I Resisted Winter and Missed the Renewal of Spring

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The kale we planted in the garden last spring grew into thick stalks all summer and kept our table supplied with greens. By fall the kale stalks were curling and falling all over themselves. Their leaves, which had been full, crisp, and green throughout summer started wilting, turned shades of brown and yellow, and finally succumbed to the constant attacks of tiny pests. By the time the cold winds of November swept the final leaves off the trees, our kale plants were little more than battered stalks with tiny bits of green poking out here and there. Yes, they were just barely alive, but they were far from healthy.

I don’t know why I waited so long to pull out the old kale. Maybe I was hoping that it would survive the winter and sprout new life in the Spring. I left it hanging limp and lifeless all winter. By the time the snow melted, the kale had all but rotted away.

As soon as the weather grew warm, I finally gave in and yanked the old kale stalks out of the garden. I poured new compost into the beds and raked it smooth. A few weeks later I scattered a new crop of kale and lettuce seeds into the orderly garden beds.

The new kale is going to take some time before it’s ready to eat, but I couldn’t hold onto last year’s planting. It had to go in order to make room for what’s next.

How long have I tried clinging to last year’s planting and held up the new things that must take their place?

I have been longing for the new thing, but have continued to cling to what is old.

I have become withered and overgrown, bitter and stagnant, but then I wonder why the new life hasn’t taken root and grown yet.

This week I had a chance to finally pull some old roots up as I make space for a new venture. The “Revert to Author” notice arrived for my first book that I wrote about theology. At the time I was one of many writers trying to sort out Christian theology and whether my faith could survive without the promise of certainty. Some are still wrestling with that question, some have moved on with their faith, and some needed to leave their faith behind. I have moved on with my faith, realizing that I didn’t need an airtight theology in order to have a relationship with a God whose top concern is love.

As I set aside my identity as a writer about theology and culture, I felt both a relief and a fear of what’s next. The fear of “what’s next” is why we often cling to what’s old and dying. We can’t imagine that something better is possible.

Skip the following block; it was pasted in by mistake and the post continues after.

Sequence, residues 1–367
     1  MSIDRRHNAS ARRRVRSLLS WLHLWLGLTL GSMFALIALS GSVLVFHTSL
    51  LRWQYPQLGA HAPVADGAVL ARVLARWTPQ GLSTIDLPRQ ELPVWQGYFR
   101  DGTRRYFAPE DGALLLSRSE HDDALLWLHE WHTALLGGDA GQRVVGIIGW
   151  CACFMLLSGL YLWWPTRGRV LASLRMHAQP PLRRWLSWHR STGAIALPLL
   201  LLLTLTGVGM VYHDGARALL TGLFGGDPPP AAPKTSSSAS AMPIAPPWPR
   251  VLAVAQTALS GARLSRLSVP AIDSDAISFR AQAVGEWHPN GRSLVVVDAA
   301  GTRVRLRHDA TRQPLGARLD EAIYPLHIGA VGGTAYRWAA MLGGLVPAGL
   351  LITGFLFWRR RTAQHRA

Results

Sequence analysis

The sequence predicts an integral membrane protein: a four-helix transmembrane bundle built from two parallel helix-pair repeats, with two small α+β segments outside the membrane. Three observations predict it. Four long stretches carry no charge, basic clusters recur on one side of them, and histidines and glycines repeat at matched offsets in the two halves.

I made the mistake of thinking: Better to stick with the broken thing we understand than the new blessing we can’t fathom.

The same day that I signed my agreement to revert the rights of my theology book back to myself, I also continued to work on plans to launch a new website: www.thecontemplativewriter.com. This is a project that has been in the works for a long time, but I just didn’t see how to move forward with it. I kept plodding along with what I knew about theology, uncertain about what would grow if I pulled everything up and started all over.

I finally started planting new things a few years ago when I took a break from blogging about theology and then released Pray, Write, Grow: Cultivating Prayer and Writing Together. Since then, each step toward prayer and writing, or writing about prayer, has been affirming and life-giving.

It was a long winter, but I now see that I needed the winter. I needed a winter to kill what was no longer productive or life-giving. I needed winter to force me to uproot the past and to make room for what’s next.

Shifting to writing about prayer feels like the beginning of Spring. There is new life to this direction, and I’m finally realizing how I’ve held myself back by failing to uproot what I planted last season.

How many of us go into winter kicking and screaming, lamenting the loss of summer’s warmth and the brilliant colors of the fall because we lack hope for the future?

Perhaps fighting winter is a good sign at times. Perhaps we rightly see the good that we’ve had. I’m grateful for all that I’ve accomplished and learned from that last season. In fact, the things I’m planting today are benefitting from what I planted before.